But in light of AFBF’s involvement in NIAA, what exactly is their policy on NAIS? A trek through the AFBF website produced no section that delineates their policies. If the AFBF policy, with concern to NAIS, is on their website, it is not readily apparent to anyone seeking it.
A search of the AFBF website for “NAIS” turned up exactly four relevant articles, none of which disclosed what AFBF’s policy is concerning NAIS, yet the AFBF website claims to be “The Voice of Agriculture.”
In one article, (January 2007) USDA undersecretary, Bruce Knight tells producers “It’s a voluntary program, and it’s not going to go mandatory” citing the backlash from producers if that happened. Unfortunately, the government has a track record of telling tall tales; too many times they have claimed one thing, then done just the opposite. No better evidence of this is to be found than the words of USDA Secretary Tom Vilsack two years and two months later in the Reuter’s Article of March 27, 2009. Then there is the home page of the USDA/APHIS/NAIS website sports the government’s laudatory approval that “Wisconsin [is] leading the way in animal identification.” Wisconsin is one of two states that has made NAIS mandatory. Read this article about the enforcement prosecutions that are already occurring in Wisconsin regarding NAIS. The amount of money to be made in enforcement will put small producers out of business, forcing the sale of their homes and property to satisfy fines and legal fees.
On June 20, 2009, in response to the pulling of money for NAIS from the USDA budget by the House Agriculture Appropriations Subcommittee, the Illinois Farm Bureau had this to say,
“Farm Bureau supports restoration of funding for the National Animal Identification System (NAIS) withheld by the subcommittee, calling NAIS ‘a critical program designed to protect animal health through streamlined surveillance and response.'”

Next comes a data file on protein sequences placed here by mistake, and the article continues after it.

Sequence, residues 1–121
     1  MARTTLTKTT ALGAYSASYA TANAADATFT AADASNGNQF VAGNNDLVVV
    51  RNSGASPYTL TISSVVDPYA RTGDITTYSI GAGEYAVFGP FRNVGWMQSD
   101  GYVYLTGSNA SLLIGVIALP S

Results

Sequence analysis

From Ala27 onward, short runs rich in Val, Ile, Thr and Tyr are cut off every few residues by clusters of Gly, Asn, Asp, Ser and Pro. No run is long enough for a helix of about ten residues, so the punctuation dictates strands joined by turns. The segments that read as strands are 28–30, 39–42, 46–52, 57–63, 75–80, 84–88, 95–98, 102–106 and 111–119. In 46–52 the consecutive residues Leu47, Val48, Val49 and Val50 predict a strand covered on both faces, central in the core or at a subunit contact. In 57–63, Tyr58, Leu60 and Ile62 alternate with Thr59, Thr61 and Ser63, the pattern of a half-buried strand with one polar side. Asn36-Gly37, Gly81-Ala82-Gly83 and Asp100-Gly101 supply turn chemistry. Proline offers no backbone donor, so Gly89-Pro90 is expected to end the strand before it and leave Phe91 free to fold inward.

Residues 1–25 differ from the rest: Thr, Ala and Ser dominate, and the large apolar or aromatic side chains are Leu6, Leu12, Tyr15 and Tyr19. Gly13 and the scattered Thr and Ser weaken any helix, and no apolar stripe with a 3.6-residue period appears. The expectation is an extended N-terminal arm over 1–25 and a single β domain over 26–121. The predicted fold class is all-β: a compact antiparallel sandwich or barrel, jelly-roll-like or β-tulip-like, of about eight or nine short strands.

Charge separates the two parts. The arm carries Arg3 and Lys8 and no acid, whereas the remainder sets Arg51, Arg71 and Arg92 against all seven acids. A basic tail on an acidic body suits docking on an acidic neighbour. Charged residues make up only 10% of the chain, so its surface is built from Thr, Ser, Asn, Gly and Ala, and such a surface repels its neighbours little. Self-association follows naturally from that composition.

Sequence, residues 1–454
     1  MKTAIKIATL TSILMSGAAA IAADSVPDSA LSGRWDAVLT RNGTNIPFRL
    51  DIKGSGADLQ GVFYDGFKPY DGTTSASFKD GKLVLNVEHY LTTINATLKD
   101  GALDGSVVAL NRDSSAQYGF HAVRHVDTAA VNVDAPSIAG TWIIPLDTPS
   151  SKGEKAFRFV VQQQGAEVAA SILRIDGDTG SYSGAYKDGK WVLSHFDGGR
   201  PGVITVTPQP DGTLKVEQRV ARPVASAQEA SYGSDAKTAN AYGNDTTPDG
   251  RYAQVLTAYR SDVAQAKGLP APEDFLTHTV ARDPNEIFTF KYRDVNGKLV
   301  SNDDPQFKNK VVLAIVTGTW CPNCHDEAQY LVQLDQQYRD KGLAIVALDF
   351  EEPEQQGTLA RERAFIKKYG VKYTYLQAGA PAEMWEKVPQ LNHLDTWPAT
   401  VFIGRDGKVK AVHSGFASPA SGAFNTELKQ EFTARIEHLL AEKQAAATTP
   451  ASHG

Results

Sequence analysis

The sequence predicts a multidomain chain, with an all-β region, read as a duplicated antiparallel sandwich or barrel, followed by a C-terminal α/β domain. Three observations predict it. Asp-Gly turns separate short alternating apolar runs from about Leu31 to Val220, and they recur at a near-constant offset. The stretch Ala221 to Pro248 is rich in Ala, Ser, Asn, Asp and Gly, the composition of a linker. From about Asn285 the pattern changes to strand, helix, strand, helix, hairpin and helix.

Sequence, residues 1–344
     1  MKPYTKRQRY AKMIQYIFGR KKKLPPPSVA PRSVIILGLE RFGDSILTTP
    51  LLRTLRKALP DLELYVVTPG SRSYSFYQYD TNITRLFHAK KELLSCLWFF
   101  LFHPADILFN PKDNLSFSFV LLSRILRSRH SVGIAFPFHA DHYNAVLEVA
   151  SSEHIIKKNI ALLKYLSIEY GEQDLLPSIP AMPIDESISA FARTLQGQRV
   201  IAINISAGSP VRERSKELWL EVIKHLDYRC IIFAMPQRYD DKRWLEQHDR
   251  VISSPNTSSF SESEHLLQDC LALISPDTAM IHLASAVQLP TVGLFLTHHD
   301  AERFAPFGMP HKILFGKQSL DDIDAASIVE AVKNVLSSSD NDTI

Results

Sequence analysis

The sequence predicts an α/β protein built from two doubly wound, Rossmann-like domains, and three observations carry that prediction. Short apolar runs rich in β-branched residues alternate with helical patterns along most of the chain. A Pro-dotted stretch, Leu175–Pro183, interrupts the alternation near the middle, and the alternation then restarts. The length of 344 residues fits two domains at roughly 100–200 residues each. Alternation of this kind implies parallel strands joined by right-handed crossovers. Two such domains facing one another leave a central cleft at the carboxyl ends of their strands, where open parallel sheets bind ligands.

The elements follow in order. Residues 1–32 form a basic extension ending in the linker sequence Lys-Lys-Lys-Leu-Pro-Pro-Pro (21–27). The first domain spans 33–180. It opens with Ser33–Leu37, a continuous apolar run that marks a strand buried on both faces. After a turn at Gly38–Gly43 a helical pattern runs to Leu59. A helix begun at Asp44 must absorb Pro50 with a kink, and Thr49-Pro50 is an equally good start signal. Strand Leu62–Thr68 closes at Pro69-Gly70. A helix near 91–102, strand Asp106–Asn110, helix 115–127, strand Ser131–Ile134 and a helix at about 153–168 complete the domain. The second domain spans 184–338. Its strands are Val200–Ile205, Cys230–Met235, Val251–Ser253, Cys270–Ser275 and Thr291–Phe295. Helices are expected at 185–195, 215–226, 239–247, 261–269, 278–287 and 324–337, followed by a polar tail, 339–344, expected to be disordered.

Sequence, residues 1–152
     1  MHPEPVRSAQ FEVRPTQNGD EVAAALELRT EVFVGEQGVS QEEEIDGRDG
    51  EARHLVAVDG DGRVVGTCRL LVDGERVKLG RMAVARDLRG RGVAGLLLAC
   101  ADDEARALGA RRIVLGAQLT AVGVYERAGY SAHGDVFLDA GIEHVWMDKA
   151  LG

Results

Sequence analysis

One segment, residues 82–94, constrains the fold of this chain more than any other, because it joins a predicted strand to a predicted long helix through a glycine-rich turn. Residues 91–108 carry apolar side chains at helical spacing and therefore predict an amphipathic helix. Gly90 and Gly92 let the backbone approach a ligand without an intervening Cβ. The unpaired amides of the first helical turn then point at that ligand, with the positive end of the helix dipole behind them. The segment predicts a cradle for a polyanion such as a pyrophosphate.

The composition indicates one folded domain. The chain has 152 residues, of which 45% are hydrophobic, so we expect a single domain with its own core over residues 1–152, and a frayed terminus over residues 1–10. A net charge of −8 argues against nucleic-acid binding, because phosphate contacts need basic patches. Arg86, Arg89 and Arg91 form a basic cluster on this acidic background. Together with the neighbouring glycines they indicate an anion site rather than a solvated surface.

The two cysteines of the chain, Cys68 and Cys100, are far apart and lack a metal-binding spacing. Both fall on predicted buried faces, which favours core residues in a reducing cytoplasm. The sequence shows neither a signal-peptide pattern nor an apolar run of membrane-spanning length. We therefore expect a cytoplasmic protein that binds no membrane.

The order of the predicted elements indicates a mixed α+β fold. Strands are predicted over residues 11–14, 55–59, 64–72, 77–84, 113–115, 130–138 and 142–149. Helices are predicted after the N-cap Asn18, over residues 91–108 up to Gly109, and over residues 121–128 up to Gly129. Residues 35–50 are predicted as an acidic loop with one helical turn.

Further that …
“Once the series of hearings is concluded at the end of the month, we expect USDA to decide to implement the program in some way, so it makes sense to have money appropriated for that purpose.”
What part of “no” does Farm Bureau not understand?
In his presentation at the USDA listening session, David Pfrang, recent past president of the Kansas Cattlemen’s Association, had this to say about the Kansas Farm Bureau,
“In 2004 the Kansas Legislature tried to pass mandatory Kansas premise I.D. through the backing of Kansas Livestock Assoc., Farm Bureau and Sea Board. It failed Big Time because we, the producers, fought just as we are fighting back today.”
When Rhonda Perry of Howard County, Missouri testified at the USDA listening session, representing herself as a small livestock producer and 5600 families of the Missouri Rural Crises Center, the points she made are salient:
1. NAIS is a solution in search of a problem;
2. the problems NAIS is intended to address come from the processing plants, imported meat, and large industrial livestock operations that are wreaking havoc in rural areas, none of which is the fault of the small producer;